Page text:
Although we have five fantastic senses, we tend to experience our environment mainly through our vision. And there is so much to see: your smartphone, the computer screen you are reading this on, the corridor you walk through, a billboard, a window display you passed, the pavement (watch that poop; why do dog owners not collect that!?), the person you are talking to, your phone (again), watch that cyclist!! (phew), your phone (again??)… our eyes are very busy from the moment we open them in the morning to the time we close them at night. But do you actually look around?? Really observe your surroundings?
For example, when was the last time you observed light?
Look outside – is it day or night? Can you see Sunlight or are the skies overcast? What is the difference in the type of daylight you see? Did you notice that direct sunlight produces strong, sharp shadows whereas overcast daylight produces very soft, diffused, evenly distributed light? That is why we refer to light during the daytime as daylight not just sunlight, because there can still be plenty of light even if the sun is hidden behind clouds.
And if the clouds are scattered, and there is some wind, I highly recommend you take time to look at how the daylight changes over time. How the sunlight morphs from direct (=cloudless/clear) to indirect (=cloud/overcast) and what it does to light as it hits various objects around you, for example trees or buildings or people. Make sure you notice both the light and its close companion, the shadow. Their relationship is the stuff of imagination and storytelling. And remember, this is not a series of finite states, of still pictures, but an ever-changing, constantly evolving action movie you are seeing.
And this is just during the daytime. Between day and night we have the joy of seeing a spectacular display of light that passes through three main stages: Dusk (transition between day to night), Twilight (time between day and night when there is still light outside, but the Sun is below the horizon) and Dawn (transition from night to day). There are also different states of Twilight depending on whether you are in the city, countryside or at sea that defines how dark the environment is. It is very interesting; I encourage you to look it up.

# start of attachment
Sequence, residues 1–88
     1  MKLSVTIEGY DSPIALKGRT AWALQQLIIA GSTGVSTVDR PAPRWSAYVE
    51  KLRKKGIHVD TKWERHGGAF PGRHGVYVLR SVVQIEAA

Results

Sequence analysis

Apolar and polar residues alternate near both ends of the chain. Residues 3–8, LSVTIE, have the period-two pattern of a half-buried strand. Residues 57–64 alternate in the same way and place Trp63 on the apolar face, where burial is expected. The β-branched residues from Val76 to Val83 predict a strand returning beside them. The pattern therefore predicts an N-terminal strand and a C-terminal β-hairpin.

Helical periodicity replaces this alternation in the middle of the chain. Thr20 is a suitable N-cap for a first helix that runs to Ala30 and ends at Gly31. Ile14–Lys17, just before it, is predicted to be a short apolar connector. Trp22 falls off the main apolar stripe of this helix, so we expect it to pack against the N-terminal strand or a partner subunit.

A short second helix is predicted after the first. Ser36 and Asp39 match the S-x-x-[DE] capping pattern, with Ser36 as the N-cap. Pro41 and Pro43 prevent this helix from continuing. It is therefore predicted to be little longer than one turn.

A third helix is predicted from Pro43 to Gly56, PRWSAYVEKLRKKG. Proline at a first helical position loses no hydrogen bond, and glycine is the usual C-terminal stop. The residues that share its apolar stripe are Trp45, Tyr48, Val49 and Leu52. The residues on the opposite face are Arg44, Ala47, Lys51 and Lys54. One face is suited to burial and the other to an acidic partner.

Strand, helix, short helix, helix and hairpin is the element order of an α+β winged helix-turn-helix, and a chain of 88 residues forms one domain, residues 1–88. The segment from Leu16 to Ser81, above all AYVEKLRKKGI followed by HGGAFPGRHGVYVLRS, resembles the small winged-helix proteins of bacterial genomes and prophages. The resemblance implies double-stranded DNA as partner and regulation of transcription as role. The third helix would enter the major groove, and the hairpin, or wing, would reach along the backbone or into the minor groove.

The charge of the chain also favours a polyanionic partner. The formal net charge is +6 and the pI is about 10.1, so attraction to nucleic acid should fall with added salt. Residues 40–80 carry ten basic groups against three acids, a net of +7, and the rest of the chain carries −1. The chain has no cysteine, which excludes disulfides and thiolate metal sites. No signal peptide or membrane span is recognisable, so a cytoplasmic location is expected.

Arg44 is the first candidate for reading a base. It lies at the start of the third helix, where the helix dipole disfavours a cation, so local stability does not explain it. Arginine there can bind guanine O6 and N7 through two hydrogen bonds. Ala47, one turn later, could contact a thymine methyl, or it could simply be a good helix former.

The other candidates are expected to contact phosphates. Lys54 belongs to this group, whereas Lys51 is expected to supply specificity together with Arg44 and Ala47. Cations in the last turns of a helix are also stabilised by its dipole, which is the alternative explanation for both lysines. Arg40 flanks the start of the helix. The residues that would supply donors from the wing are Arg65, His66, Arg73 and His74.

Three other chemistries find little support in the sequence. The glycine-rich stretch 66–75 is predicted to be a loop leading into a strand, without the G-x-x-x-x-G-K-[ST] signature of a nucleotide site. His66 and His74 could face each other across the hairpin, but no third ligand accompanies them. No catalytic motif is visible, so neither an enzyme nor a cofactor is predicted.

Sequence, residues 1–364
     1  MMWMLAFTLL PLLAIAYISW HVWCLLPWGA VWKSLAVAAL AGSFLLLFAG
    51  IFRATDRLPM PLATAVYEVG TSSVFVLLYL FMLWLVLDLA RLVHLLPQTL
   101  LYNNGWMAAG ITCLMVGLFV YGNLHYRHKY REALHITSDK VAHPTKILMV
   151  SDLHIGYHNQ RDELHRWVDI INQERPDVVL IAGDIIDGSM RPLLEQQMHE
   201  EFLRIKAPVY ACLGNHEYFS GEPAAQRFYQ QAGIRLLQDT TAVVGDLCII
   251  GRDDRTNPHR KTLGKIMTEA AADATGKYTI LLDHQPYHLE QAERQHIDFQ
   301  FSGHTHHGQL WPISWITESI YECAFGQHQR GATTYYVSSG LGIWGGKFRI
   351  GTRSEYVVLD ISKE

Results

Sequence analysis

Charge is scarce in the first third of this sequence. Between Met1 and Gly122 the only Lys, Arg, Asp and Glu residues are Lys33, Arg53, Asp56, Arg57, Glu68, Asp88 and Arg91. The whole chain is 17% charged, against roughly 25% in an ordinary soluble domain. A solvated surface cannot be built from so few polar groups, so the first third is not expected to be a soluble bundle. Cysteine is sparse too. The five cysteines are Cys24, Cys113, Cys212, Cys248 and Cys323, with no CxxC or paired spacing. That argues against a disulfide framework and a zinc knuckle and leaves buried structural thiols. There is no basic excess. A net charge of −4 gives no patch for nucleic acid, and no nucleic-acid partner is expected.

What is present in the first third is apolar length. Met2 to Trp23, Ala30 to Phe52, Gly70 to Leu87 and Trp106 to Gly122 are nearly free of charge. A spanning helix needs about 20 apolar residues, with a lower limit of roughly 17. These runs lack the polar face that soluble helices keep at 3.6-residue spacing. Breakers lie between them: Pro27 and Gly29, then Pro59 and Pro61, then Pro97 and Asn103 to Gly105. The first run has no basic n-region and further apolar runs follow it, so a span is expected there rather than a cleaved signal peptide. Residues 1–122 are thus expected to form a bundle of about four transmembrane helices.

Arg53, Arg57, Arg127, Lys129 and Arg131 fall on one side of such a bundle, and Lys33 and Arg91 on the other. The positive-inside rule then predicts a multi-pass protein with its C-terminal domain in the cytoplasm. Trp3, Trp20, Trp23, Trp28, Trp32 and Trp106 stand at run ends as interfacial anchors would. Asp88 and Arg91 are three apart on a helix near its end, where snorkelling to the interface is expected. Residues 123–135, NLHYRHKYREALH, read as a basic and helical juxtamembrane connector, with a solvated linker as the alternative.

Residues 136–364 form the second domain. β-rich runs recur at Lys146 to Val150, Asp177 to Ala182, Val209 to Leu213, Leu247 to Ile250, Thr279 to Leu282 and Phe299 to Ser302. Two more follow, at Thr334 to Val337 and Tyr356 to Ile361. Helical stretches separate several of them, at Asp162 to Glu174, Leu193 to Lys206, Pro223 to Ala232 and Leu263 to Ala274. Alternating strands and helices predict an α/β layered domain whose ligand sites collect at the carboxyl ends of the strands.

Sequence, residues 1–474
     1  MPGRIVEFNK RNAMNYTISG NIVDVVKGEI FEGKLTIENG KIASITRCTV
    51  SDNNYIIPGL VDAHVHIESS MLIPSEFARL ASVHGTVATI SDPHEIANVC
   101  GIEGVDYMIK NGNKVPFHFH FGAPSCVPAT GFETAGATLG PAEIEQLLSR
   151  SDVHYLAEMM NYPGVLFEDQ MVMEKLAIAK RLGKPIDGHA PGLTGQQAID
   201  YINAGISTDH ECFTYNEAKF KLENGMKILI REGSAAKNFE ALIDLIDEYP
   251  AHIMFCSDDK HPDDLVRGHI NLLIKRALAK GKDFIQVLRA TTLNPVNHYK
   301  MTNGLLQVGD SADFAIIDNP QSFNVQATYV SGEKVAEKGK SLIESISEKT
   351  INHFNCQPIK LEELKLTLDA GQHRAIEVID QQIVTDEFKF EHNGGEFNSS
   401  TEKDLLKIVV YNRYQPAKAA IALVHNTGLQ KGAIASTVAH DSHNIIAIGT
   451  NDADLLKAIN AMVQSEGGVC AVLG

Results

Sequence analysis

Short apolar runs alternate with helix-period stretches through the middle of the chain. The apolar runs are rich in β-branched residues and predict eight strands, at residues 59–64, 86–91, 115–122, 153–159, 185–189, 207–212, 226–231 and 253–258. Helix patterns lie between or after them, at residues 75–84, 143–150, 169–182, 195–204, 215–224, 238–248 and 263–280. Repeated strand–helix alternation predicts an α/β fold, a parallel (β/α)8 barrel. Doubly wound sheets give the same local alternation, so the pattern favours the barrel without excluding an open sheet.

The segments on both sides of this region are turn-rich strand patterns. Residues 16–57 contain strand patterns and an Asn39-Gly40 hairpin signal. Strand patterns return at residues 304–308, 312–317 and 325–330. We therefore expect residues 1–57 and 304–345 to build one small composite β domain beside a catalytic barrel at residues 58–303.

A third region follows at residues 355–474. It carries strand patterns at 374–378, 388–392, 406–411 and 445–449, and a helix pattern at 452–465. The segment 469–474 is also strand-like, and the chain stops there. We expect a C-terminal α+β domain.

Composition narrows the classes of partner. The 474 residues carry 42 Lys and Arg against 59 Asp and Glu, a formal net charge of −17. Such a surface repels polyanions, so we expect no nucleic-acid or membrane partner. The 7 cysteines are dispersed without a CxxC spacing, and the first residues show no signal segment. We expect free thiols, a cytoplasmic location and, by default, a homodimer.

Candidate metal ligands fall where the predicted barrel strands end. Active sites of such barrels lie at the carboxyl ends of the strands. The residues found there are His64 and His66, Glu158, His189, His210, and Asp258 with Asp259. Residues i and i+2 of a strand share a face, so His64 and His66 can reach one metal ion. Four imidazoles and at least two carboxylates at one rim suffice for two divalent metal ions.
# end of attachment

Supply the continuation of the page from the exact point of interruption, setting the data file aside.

As you can see, daytime illumination offers so much to the willing observer, wait until we look at the magic of human-made, electrical light.
Consider some of the differences between daylight and electric light:
For example, think about illuminance (simply put = the perceived brightness of a space): is the daylight brighter or dimmer than electric light? Do you perceive your street to be bright or dim? What about your car interior – is it bright or dim? Have you ever looked out at night during a cloudless, full moon and marvelled at how bright it seems? It is fascinating to observe how little light we actually need to navigate our surroundings.
How about the colour of light? Daylight is confusingly very cool (blue) by definition (around 6500K CCT), whereas electric light, certainly in domestic environments, is usually perceived as warm (around 2700K CCT or below). Recent research has reiterated for us that the colour of light (or its Spectral Distribution to be precise) does impact our wellbeing, so very broadly speaking we are “energised” by cool white light and “relaxed” by warm white light.
What about direction of light? Where is the electric light coming from: ABOVE (e.g ceiling downlights, spotlights or pendant) SIDES (e.g wall light) or BELOW (e.g in-ground uplight or floor light)? Daylight originates above us, in the sky, though you could also argue that because daylight gets reflected by everything around us, the cumulative effect is omni-directional (=multi-directional). The direction of the light will impact how objects are perceived, and instinctively create a certain mood or perception based on our evolution. For example, uplighting is often dramatic (think campfire or old scary movies) whereas wall lights are typically quite warm and reassuring (because we can see faces more clearly).
Observing the world around us is a key part of what we do at Light House Designs. It guides our choices, informs our decisions, not to mention inspires us. From the dapple effect of sunshine passing through a tree, to the warm glow of a fireplace and the countless stars in the skies. There is so much to see, if we just stop, and look around.